Québec 2019: Phase Change Materials – Innovation in Adaptation Technology to Address Permafrost Thaw

Wednesday, August 21, 1:30pm | Room C | Northern Transportation Adaptation Initiative Session
 
The stability of surface infrastructure founded on permafrost can have a significant impact to the safety and reliability of the infrastructure systems and lead to unexpected maintenance costs over the life of the asset. In most cases, the surface infrastructure (roads, working pads, dams, water containment ponds and diversions) alters the surface energy balance and the amount of heat being transferred to and from the ground. Consequently, the greater input of heat to the ground often causes permafrost warming and thaw that impacts foundation stability. Climate change adds an additional level of uncertainty to infrastructure performance.

This concept-level study evaluates the use of manufactured phase change materials (PCMs) to control both heat storage and transfer that would otherwise contribute to permafrost thaw beneath the highway embankment and instability of the foundation. PCMs are materials that have a high capacity to store thermal energy. Commercially available PCMs on the market are currently used by various industries and range in applications, including integration of the material into athletic clothing to regulate body temperature, shipping containers for cold storage of food, and building materials to control heating and cooling in homes. A number of PCMs are certified as being environmentally safe and biodegradable.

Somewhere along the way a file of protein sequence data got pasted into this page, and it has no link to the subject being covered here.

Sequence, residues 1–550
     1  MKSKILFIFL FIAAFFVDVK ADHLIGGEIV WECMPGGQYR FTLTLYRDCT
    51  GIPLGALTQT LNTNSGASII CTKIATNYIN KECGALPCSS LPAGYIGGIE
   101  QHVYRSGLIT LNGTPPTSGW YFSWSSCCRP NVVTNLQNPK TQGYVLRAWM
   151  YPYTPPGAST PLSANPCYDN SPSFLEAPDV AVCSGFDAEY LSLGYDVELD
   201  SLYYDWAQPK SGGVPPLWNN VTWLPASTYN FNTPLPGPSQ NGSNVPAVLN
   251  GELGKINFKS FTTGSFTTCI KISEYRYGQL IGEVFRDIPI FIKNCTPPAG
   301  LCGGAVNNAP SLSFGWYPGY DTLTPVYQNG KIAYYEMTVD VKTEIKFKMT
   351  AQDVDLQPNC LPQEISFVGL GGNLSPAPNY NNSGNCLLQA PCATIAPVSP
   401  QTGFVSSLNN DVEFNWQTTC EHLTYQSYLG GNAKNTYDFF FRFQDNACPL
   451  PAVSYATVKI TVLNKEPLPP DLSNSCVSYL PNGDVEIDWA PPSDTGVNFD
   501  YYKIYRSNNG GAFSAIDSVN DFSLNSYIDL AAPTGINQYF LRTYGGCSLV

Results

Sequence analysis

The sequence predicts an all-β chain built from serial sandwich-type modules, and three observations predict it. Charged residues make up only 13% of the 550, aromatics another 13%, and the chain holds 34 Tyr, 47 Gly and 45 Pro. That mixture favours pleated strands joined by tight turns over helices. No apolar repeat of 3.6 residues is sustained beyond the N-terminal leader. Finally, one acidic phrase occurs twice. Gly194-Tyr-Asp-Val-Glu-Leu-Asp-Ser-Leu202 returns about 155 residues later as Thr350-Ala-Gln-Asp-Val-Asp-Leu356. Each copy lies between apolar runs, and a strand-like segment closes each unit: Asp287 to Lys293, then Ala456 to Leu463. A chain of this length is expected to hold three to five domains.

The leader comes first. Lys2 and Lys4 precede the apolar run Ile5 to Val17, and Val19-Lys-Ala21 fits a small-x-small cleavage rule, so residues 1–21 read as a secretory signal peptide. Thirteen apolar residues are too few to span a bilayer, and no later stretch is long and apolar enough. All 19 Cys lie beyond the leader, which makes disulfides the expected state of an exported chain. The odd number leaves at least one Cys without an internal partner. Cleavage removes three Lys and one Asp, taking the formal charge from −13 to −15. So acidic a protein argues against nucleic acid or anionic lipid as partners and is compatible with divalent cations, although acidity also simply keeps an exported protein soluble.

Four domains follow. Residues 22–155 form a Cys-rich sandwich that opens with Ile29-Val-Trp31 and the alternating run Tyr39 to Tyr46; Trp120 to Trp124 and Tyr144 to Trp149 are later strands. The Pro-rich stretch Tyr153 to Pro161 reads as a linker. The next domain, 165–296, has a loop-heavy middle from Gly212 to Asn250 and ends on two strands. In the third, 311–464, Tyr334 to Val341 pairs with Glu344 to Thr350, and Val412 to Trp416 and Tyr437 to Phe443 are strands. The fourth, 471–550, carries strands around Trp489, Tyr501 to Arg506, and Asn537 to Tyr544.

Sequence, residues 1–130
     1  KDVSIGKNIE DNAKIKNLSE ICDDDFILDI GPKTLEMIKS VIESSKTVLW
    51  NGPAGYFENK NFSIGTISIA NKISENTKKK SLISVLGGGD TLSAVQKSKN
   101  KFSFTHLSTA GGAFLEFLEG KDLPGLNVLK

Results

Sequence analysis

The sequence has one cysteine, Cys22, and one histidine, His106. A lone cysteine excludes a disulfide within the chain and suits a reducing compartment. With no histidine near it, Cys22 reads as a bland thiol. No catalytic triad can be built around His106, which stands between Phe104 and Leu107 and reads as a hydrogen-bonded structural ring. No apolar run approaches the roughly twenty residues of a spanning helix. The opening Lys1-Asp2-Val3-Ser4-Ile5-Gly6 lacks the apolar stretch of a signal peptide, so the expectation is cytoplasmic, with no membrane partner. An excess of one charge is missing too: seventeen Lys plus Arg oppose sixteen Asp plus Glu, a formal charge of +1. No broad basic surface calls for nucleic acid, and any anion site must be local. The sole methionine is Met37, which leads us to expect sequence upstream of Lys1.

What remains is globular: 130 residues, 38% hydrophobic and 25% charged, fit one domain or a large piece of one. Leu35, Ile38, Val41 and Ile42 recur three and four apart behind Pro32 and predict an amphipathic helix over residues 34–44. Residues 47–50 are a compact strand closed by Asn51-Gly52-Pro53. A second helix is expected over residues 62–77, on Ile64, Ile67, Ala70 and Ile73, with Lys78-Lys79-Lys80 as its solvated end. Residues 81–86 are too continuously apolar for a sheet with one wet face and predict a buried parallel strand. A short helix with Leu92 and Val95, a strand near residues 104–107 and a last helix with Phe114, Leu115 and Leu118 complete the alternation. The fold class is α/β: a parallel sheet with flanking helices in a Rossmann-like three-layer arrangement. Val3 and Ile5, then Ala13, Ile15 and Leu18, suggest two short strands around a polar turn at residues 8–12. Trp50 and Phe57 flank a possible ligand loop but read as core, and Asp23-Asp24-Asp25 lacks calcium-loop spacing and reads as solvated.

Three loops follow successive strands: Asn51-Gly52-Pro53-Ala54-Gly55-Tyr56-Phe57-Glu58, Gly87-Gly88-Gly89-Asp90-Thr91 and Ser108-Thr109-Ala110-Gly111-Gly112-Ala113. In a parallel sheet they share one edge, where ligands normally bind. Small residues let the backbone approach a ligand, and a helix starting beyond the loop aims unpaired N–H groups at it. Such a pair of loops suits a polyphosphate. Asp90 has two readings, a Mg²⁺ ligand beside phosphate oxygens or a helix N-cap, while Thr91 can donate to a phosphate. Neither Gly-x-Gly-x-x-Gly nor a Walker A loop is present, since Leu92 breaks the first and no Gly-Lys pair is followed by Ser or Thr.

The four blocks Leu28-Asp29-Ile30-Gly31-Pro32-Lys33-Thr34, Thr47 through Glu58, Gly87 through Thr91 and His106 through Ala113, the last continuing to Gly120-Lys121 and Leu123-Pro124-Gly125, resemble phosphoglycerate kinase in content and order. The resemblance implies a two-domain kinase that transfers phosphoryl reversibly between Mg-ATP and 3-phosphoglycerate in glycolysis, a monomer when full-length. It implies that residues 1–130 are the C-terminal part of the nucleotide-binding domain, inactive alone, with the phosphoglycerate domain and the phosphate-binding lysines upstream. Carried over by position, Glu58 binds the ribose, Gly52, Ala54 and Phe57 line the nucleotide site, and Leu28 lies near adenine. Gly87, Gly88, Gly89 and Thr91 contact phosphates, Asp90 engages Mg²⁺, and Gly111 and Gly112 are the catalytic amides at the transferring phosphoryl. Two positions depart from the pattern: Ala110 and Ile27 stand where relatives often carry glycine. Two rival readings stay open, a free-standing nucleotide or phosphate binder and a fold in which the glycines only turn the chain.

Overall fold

This concept study is the first step toward evaluating the potential use of these products for highway applications, and further analysis related to thermal performance, cost, constructability, stability, and environmental aspects are warranted.

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Dr. Christopher StevensChristopher Stevens
Senior Consultant
 
Dr. Christopher Stevens is a geocryologist with over 8 years of experience in Arctic and Subarctic projects. His specializations include permafrost and ground ice characterization, periglacial geomorphology, thermal analysis, and numerical thermal modeling. Christopher has worked on terrestrial and subsea permafrost related to mining, oil and gas, and highway infrastructure projects in the USA and Canada. He is experienced in terrain and climate analysis, baseline permafrost characterization, thermal modeling of infrastructure design, permafrost and groundwater interaction, and thermal cover design to support freezeback mine waste. He has also been involved in designing northern monitoring programs and developing geophysical applications for infrastructure route selection (pipelines and roads), permafrost evaluation, and long-term environmental monitoring.
 

 

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